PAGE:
Star Wars Episode 4 A New Hope 1977 3D Movie Review


The following are partial lists of changes in Star Wars re-releases. The commercial success of Star Wars has given George Lucas the opportunity to tinker with his original trilogy, now called Episode IV A New Hope, Episode V The Empire Strikes Back, and Episode VI Return of the Jedi. In a September 2004 MSNBC article, Lucas points out that the original films were “25 or 30 percent” of what he intended.

Many changes were motivated by the vast improvements in CGI technology and other production techniques that occurred in the two decades after the original trilogy was produced. Other changes improved the cohesiveness among the films, and eliminated continuity errors between the original trilogy and the prequel trilogy.

Changes to Star Wars films after the theatrical release aren’t always limited to the original trilogy. In the release of The Phantom Menace DVD, two deleted portions were either partially or completely restored.

The original, unaltered theatrical editions were released (as bonus material) on DVD on September 12, 2006. In 2011, the latest modifications to Episodes I-VI were released on Blu-ray.

The earliest edits to the original film occurred between the initial release in May and the wider release later in 1977. The edits are minor, but noticeable. They consist of four changes. All of these changes were made before the foreign language prints were made later in 1977 and well before the last good interpositive was struck in 1985. These four shots run exactly the same length. All of them exist in the earliest bootleg video tapes and in the English 16 mm print. The original three effects shots exist in many home video English language versions released during the 80’s. None of these shots are found in the Definitive Edition, Faces Edition, or 2006 bonus discs, nor are they in any of the known extant 35 mm prints, or Technicolor prints.

When the Millennium Falcon is being chased after taking off from Mos Eisley, the effects shot where the Star Destroyer is shooting at the Falcon was changed. The early version has different explosions and different flashes and looks less finished.
When the heroes arrive on Yavin 4, the outdoor composited shot with the matte painting of the temple is recomposited and is not synced the same. It also has an artifact in the image.
When the fighters take off from Yavin 4, there is an extra cloud and the shot is not synced the same. It also has an artifact in the image.
The scrolling end credits are completely redone with the spacing, both vertical and horizontal, altered, and a glitch in composition at the beginning has been removed.
The film was originally released with 35mm Dolby Stereo and 70mm 6-track audio. Since these were both mastered from the same mix stems, there is little to no difference between them in terms of content. Both feature 4 main audio channels with the 6-track having at least one LFE, channel. A mono mix was produced in June 1977 for exhibition in cinemas with no Dolby Stereo or Surround support, which did contain the following changes in content from the other versions. The majority of foreign language versions use a stereo mix with many, but not all of the mono effects alterations.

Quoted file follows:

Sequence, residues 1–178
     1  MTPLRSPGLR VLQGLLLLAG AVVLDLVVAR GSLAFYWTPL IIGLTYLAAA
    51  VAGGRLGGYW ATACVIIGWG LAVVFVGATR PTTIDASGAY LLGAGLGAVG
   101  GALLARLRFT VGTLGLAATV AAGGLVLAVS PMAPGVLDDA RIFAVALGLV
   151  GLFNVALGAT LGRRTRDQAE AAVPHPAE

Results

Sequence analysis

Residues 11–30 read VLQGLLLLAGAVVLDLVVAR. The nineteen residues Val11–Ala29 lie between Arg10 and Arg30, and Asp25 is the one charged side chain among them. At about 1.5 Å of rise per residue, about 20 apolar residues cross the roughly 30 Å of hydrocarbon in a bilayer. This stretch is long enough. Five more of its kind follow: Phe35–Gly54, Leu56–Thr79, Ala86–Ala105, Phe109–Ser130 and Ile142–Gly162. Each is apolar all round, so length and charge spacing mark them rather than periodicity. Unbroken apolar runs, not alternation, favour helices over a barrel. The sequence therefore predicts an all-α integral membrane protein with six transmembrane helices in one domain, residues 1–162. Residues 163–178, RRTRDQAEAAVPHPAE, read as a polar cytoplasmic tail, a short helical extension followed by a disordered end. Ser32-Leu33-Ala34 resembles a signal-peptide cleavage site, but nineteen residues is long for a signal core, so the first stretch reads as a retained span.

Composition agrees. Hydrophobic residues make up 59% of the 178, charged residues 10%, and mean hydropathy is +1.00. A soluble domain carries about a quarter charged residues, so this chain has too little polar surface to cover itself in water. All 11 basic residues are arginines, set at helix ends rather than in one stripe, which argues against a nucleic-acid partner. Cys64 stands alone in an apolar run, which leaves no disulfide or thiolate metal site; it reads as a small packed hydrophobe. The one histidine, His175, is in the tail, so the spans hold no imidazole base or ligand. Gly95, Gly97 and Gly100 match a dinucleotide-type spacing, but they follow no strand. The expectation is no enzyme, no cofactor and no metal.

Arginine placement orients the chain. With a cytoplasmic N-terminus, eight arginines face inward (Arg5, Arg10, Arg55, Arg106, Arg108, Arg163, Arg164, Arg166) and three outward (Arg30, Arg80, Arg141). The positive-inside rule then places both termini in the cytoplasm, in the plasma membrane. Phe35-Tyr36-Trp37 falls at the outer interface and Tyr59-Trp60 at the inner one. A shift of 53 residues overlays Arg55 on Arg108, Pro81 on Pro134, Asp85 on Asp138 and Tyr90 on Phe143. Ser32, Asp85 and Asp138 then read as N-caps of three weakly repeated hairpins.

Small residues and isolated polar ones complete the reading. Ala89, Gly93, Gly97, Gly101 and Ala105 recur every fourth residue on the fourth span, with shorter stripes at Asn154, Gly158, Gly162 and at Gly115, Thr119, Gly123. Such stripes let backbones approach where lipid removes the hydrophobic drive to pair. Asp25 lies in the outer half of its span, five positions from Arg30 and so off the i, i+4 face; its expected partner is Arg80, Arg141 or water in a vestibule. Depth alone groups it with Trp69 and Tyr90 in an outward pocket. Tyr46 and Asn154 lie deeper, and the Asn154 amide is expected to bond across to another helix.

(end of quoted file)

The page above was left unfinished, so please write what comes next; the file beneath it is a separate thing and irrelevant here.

As Luke Skywalker, Obi-Wan, and the droids approach the Cantina in the mono sound version, a Cantina musical cue can be heard.
C-3PO’s line “Use the comlink? Oh my! I forgot, I turned it off.” is from an alternate take.
As the stormtroopers chase Han and Chewbacca, one now says “Close the blast doors!” before the Rebels narrowly run through.
When R2-D2 shows the schematics of the Death Star’s tractor beam, C-3PO now speaks over the scene, the line being “The tractor beam is coupled to the main reactor in seven locations. A power loss at one of the terminals will allow the ship to leave.”. The sound effects for the schematics being displayed have also been changed.
The line “Blast it, Biggs, where are you?” from the original stereo sound version was changed to “Blast it, Wedge, where are you?” to fix continuity.
Aunt Beru’s lines are alternate takes (possibly even a different actress).
When Luke and Obi-Wan discover the wrecked sandcrawler, R2-D2 beeps.
The stormtrooper who interrogates Luke and the others as they enter Mos Eisley’s lines are timed earlier.
During the search of Mos Eisley for the droids, the stormtrooper’s lines have been changed from “Alright, check this side of the street. The door’s locked. Move on to the next one.” to “Alright, check that side of the street. It’s secure. Move on to the next one.”
More growls are added to Chewbacca that were not present in the stereo and surround mixes.
A different explosion sound is heard when the Tantive IV’s reactor is destroyed.
A different alarm sound is used as the rebel soldiers aboard the Tantive IV prepare for battle.
Computer sounds are heard when Luke fires up the Millennium Falcon’s targeting system.
A short beep can be heard when the Death Star’s superlaser system is booted up to fire at Alderaan.
A different, lower frequency sound effect is used for Alderaan’s explosion.
The speech over the X-Wing’s radios have less garble and static, and some lines are from alternate takes.
Different, louder sound effects are used for the opening of the X-Wing’s s-foils.
The line, “We have an emergency alert in Detention Block AA-23” was changed to “Governer Tarkin, we have an emergency alert in Detention Block AA-23”, possibly read by a different voice actor.
Luke groans when he gets dragged by the Dianoga into the trash compactor’s murky waters for a second time.